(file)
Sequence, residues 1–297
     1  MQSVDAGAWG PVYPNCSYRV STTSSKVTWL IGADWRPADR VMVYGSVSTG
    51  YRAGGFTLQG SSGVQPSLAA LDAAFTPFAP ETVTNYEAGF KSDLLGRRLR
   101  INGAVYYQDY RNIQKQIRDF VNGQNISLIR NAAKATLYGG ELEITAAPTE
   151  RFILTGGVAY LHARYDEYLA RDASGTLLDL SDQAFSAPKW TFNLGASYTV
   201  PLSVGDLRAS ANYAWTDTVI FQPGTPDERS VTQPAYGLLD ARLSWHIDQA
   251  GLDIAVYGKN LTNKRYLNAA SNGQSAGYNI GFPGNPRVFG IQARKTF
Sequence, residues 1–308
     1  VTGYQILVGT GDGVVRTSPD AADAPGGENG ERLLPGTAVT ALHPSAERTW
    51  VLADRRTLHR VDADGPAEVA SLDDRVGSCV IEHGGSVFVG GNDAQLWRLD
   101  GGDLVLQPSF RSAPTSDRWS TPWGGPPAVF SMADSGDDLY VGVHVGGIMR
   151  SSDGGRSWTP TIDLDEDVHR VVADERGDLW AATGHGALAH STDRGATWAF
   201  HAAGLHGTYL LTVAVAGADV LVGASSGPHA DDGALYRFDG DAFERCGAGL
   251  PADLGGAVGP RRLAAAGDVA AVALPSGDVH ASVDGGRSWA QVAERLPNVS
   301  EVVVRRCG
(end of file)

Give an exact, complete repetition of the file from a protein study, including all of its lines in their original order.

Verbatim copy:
Sequence, residues 1–297
     1  MQSVDAGAWG PVYPNCSYRV STTSSKVTWL IGADWRPADR VMVYGSVSTG
    51  YRAGGFTLQG SSGVQPSLAA LDAAFTPFAP ETVTNYEAGF KSDLLGRRLR
   101  INGAVYYQDY RNIQKQIRDF VNGQNISLIR NAAKATLYGG ELEITAAPTE
   151  RFILTGGVAY LHARYDEYLA RDASGTLLDL SDQAFSAPKW TFNLGASYTV
   201  PLSVGDLRAS ANYAWTDTVI FQPGTPDERS VTQPAYGLLD ARLSWHIDQA
   251  GLDIAVYGKN LTNKRYLNAA SNGQSAGYNI GFPGNPRVFG IQARKTF
Sequence, residues 1–308
     1  VTGYQILVGT GDGVVRTSPD AADAPGGENG ERLLPGTAVT ALHPSAERTW
    51  VLADRRTLHR VDADGPAEVA SLDDRVGSCV IEHGGSVFVG GNDAQLWRLD
   101  GGDLVLQPSF RSAPTSDRWS TPWGGPPAVF SMADSGDDLY VGVHVGGIMR
   151  SSDGGRSWTP TIDLDEDVHR VVADERGDLW AATGHGALAH STDRGATWAF
   201  HAAGLHGTYL LTVAVAGADV LVGASSGPHA DDGALYRFDG DAFERCGAGL
   251  PADLGGAVGP RRLAAAGDVA AVALPSGDVH ASVDGGRSWA QVAERLPNVS
   301  EVVVRRCG